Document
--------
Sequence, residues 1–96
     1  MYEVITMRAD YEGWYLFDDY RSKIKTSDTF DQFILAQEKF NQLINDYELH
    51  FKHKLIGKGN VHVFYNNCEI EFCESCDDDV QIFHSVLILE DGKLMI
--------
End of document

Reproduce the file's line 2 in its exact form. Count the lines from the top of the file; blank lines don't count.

     1  MYEVITMRAD YEGWYLFDDY RSKIKTSDTF DQFILAQEKF NQLINDYELH